RSV, influenza viruses, adenoviruses, and parainfluenzaviruses are probably the most important viral agents of severe respiratory diseases. However, a substantial part of respiratory tract infections can not be attributed to any known pathogen. Underlying conditions and immunosuppression largely determine the impact of respiratory viruses on individuals [19]. The common cold viruses HCoV-OC43 and HCoV-229E have also been associated with more severe lower respiratory tract conditions in infants and immunocompromised patients [2023]. The clinical symptoms associated with HCoV-NL63 infections still need to be determined, but there are some indications that HCoV-NL63 can cause severe respiratory illnesses in children and immunocompromised adults [15, 16]. We detected HCoV-NL63, using a pancoronavirus RT-PCR, in patients suffering from relatively severe respiratory diseases necessitating hospitalization. These positive samples were collected from children aged 1 month to 16 years. Two patients suffered from severe underlying disease: one patient suffered from Smith-Lemli-Opitz syndrome, a rare autosomal recessive disorder due to a primary enzymatic defect in the cholesterol metabolism. A second patient was diagnosed with VATER, a syndrome characterized by the sporadic association of specific birth defects or abnormalities such as vertebrae and vascular anomalies, anal atresia, trachea and esophagus problems and renal anomalities. All HCoV-NL63 infected patients established a complete recovery from their respiratory symptoms. One-step RT-PCR assays were used to detect and confirm these positive samples.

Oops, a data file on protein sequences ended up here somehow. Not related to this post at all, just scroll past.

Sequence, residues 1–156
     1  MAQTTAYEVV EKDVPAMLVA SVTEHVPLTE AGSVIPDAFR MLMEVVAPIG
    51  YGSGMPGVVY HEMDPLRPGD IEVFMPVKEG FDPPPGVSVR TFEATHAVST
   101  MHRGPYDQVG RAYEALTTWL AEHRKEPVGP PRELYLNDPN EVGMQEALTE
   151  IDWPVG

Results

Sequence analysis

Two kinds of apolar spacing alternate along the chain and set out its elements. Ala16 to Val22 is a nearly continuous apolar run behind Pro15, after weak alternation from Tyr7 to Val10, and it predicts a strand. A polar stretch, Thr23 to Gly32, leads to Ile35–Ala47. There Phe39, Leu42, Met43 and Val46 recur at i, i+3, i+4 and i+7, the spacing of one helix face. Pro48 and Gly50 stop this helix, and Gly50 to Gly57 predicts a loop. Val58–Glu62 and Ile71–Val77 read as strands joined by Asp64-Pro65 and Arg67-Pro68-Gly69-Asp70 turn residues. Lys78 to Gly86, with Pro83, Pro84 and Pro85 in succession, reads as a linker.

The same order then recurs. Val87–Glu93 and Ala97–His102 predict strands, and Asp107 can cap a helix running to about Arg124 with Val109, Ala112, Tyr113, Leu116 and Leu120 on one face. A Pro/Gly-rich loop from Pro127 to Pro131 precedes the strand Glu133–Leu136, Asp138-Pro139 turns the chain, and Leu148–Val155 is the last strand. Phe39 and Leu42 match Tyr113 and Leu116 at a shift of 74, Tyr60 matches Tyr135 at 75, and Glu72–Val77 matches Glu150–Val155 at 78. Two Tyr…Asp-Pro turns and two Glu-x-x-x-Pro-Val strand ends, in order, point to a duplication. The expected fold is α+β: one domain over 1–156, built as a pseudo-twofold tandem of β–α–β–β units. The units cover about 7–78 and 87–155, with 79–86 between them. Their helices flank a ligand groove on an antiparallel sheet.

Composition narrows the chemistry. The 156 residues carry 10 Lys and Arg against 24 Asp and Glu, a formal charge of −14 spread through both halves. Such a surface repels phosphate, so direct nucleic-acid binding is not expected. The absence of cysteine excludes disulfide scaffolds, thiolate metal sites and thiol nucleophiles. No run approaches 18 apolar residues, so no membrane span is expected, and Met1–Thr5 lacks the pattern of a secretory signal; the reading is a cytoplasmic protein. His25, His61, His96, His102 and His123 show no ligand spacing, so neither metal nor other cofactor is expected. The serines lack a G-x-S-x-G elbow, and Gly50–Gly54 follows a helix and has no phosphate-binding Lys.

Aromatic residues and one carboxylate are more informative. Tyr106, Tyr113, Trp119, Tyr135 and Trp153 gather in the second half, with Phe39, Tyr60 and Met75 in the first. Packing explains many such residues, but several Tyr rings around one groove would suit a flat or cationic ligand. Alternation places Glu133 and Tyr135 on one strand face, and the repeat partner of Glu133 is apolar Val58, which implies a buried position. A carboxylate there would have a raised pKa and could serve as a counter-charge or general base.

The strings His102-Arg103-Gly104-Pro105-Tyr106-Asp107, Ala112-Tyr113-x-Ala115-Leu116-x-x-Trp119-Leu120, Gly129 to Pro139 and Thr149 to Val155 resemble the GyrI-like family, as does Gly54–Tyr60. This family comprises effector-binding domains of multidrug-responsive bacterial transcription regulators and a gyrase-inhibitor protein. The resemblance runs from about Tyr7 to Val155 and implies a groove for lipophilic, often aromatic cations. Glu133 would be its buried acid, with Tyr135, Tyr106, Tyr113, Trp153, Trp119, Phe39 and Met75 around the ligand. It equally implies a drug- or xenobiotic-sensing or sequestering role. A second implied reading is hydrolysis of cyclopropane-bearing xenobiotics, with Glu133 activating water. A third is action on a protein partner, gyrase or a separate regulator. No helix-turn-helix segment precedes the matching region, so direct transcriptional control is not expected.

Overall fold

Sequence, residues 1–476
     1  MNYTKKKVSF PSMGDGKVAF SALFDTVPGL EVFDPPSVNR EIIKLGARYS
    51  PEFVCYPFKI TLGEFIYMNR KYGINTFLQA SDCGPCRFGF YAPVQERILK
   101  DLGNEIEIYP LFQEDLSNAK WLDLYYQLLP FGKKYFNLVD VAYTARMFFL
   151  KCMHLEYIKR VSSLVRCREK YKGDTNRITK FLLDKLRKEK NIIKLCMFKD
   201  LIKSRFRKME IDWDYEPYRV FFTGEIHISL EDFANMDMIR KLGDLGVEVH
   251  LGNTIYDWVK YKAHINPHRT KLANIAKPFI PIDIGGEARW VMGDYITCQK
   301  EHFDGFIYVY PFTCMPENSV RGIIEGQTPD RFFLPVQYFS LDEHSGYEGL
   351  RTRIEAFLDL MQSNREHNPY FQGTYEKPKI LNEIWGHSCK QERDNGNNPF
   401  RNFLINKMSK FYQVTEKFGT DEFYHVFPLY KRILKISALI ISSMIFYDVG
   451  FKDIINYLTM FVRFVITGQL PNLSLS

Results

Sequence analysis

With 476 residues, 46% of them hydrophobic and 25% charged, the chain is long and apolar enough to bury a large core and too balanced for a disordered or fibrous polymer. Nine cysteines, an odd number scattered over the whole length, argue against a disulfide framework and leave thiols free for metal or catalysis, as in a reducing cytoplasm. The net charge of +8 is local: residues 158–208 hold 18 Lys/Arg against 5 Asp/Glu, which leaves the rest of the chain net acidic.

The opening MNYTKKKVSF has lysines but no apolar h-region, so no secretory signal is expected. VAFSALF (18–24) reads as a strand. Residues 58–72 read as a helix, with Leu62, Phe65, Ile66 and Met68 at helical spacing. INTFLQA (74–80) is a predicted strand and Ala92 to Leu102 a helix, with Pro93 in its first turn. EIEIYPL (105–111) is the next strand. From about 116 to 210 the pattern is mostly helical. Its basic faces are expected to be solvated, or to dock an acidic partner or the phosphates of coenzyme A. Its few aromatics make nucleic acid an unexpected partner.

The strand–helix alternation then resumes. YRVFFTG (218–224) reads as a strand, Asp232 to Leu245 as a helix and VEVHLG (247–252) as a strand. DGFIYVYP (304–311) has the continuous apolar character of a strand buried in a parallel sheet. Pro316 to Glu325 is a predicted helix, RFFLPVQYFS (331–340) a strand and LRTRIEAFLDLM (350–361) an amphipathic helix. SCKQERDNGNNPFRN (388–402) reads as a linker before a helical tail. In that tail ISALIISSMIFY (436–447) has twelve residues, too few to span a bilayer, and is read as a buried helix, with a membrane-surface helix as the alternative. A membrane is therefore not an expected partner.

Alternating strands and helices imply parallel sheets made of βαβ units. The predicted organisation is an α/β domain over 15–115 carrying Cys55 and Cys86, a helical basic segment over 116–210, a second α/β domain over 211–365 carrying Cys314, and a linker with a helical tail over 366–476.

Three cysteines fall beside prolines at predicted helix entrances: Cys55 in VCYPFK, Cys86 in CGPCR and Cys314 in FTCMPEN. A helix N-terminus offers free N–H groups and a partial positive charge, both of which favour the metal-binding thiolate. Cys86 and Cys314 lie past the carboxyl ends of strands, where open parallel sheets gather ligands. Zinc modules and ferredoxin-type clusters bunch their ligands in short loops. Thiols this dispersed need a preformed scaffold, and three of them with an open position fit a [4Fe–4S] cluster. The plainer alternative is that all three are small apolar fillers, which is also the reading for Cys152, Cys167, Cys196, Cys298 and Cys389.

Results from epidemiological surveys conducted in the 1970's have led to the conclusion that human coronaviruses are distributed worldwide and circulate during seasonal outbreaks [22]. Our results indicate that HCoV-NL63 is the causal agent in a significant portion of respiratory diseases of unknown etiology. We detected HCoV-NL63 in respiratory samples collected in February 2003, with a frequency of 7.1%, and during February 2004, with a frequency of 2.5%. These results seem to support the tendency of human coronaviruses to circulate mainly during the winter season [7, 24]. However, in this study, sampling was only performed from January to May during the yearly RSV epidemic period, while no samples from the summer and autumn months were screened. The first publication on HCoV-NL63 showed that the virus circulated in Amsterdam during the winter months of 2002/2003 [15]. More recently another set of Amsterdam samples was screened, obtained during the winter of 2001/2002 and 2003/2004. HCoV-NL63 was found in one trachea sample obtained in February 2002, and in two oropharyngeal aspirates from December 2003 and January 2004, respectively (data not shown). Combined with the data that we present here from Belgium, these findings confirm that HCoV-NL63 reappears each winter season similar to the previously known respiratory viruses. Recently, research teams from Australia, Japan and Canada, have submitted partial HCoV-NL63 sequences to the GenBank database (AY600442-AY600446, AY662694-AY662698, AY675541-AY675553). This indicates that this newly discovered human coronavirus has a worldwide distribution.